Mongols Convicted of Racketeering, but Trial Isn’t Over

SANTA ANA, Calif. (CN) — A federal jury Thursday convicted the Mongol Nation Motorcycle Club of racketeering and conspiracy to commit racketeering for more than a decade. The verdict allows prosecutors to try to seize ownership of the club’s trademarked patch that members wear on their vests.

During a nearly month-long trial, prosecutors repeatedly described the Mongols as a “violent criminal organization” and a “gang,” and jurors apparently agreed.

They found the Mongol Nation club took part in a 2007 murder in Los Angeles, a 2008 attempted murder in Pasadena and drug trafficking transactions in 2006, 2008 and March of this year.

Jurors also found the organization conspired to commit multiple acts of murder, attempted murder and drug trafficking over many years

However, the jury determined that Assistant U.S. Attorneys Christopher M. Brunwin and Steven R. Welk had not proved the club committed two other murders or a second attempted murder. The jury deadlocked on a third attempted murder.

The verdict is not the end of the trial. In an uncommon second phase, jurors will return next month to U.S. District Judge David O. Carter’s courtroom in Orange County to decide whether the federal government may seize the Mongols’ assets through criminal forfeiture — especially including the ownership of the club’s trademarked insignia that members wear on their vests.

The patch shows a cartoon Genghis Khan-type figure brandishing a sword and riding a motorcycle under a curved banner bearing the word “Mongols.”

Prosecutors also seek possession of weapons, ammunition, previously seized vests and other property.

Judge Carter said the possibility of forfeiting the Mongol Nation’s trademark makes this case one of first impression. “It’s going to go to the Ninth Circuit and maybe the Supreme Court,” he told the attorneys.

That is only one of the unusual aspects of the criminal case.

As lead defense attorney Joseph A. Yanny told the jury when the trial opened on Halloween, no one will go to jail as a result of the verdict. Individual defendants have previously been found guilty of the crimes for which their club has now been convicted.

To convict the Mongol Nation, an unincorporated association, jurors had to find that it had, in effect, joined in racketeering and conspiracy with itself.

According to Brunwin and Welk, the official club is made up of members who have advanced to a high status inthe group. The club then joined in a criminal enterprise with the broader Mongols “gang,” which includes probationary members and “hang-arounds.”

Yanny argued that the club and the so-called “gang” were one and the same, but the jury apparently disagreed.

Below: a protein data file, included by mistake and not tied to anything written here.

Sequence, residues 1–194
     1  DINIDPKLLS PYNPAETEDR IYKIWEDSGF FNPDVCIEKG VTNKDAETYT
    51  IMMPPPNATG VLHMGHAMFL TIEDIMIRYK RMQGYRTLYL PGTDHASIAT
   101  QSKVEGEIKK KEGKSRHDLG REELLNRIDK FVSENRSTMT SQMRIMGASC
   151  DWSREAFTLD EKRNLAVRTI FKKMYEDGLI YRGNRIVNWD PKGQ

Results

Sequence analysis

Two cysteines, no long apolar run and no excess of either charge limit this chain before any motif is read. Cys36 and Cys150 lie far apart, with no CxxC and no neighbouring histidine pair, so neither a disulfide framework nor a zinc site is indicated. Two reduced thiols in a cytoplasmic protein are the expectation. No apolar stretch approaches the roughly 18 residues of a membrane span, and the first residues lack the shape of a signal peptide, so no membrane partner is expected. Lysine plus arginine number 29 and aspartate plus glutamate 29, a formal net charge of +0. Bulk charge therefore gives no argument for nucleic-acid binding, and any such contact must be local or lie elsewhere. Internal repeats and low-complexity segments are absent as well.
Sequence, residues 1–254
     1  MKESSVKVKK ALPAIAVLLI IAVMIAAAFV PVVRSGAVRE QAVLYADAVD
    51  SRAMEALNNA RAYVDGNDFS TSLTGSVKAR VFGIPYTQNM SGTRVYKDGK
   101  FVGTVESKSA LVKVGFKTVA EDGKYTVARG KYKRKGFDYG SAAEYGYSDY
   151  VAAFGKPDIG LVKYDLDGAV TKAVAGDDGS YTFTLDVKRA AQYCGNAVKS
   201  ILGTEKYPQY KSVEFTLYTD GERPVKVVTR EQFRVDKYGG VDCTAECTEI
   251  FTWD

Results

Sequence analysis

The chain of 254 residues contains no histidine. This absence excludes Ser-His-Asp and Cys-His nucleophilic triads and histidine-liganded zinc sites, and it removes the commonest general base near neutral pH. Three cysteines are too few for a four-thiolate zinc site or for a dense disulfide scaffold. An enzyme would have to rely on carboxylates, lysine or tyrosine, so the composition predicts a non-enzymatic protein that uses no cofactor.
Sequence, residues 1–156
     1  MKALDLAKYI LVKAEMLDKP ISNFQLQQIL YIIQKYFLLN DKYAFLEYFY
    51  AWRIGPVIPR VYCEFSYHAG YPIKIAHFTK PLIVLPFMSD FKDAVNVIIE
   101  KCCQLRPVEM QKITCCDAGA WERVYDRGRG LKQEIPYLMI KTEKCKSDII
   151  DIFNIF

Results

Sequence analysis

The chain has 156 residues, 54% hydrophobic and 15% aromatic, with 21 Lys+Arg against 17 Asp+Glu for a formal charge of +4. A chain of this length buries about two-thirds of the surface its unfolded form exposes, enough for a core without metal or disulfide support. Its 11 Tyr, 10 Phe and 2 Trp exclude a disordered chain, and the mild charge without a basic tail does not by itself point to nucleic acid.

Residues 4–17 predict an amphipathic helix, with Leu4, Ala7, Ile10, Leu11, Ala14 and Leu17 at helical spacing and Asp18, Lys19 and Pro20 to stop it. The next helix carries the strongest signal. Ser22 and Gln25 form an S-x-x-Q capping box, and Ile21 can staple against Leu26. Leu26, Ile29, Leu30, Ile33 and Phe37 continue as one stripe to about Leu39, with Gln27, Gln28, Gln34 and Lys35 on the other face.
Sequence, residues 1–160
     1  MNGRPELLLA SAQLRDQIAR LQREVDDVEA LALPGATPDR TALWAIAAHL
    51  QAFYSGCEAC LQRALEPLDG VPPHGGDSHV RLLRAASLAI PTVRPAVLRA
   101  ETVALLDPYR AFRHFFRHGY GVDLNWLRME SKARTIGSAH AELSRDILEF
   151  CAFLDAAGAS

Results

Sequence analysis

After the verdict, Brunwin declined to discuss the case because the trial is continuing.

Mongol Nation general counsel Stephen Stubbs, a Las Vegas attorney who sat at the defense table with Yanny during the trial, blamed all the crimes attributed to the club on a previous president, who was thrown out.

“The Mongols recognized he was doing things that were inappropriate and they kicked him out,” Stubbs said. “The Mongols are not a criminal organization and gang.”

David Santillan, the Mongols’ current president, said he and the defense team were expecting a guilty verdict.Looking ahead to the fight over forfeiture, Santillian said the prosecution “won the battle, but they did not win the war.”

The U.S. Attorney’s Office in Los Angeles tried to use forfeiture against the patch trademark in 2008 at the same time it indicted 79 individual Mongols members and associates for various crimes.

A spokesperson said seizing the trademark would strip the club of its “very identity” because police would be able to take the vests right off members’ backs.  

Several trademark experts, however, have questioned whether the federal government could enforce the trademark in that way.

Susan M. Natland, a partner with Knobbe Martens and former adjunct trademarks professor at UCLA Law School, said the government could be found to have abandoned the patch trademark immediately, because it has no interest in providing goods and services under the mark, as the law requires.

That could mean the government could not prevent gang members from continuing to wear the patch, she said.

Jurors return to Carter’s courtroom on Jan. 8 to decide whether prosecutors demonstrated a “nexus” between the Mongol Nation’s crimes and the assets the government wants to seize.

The judge will decide whether and which forfeitures can happen.

Carter said he also intends to decide whether Mongols have a First Amendment right to wear the patch.

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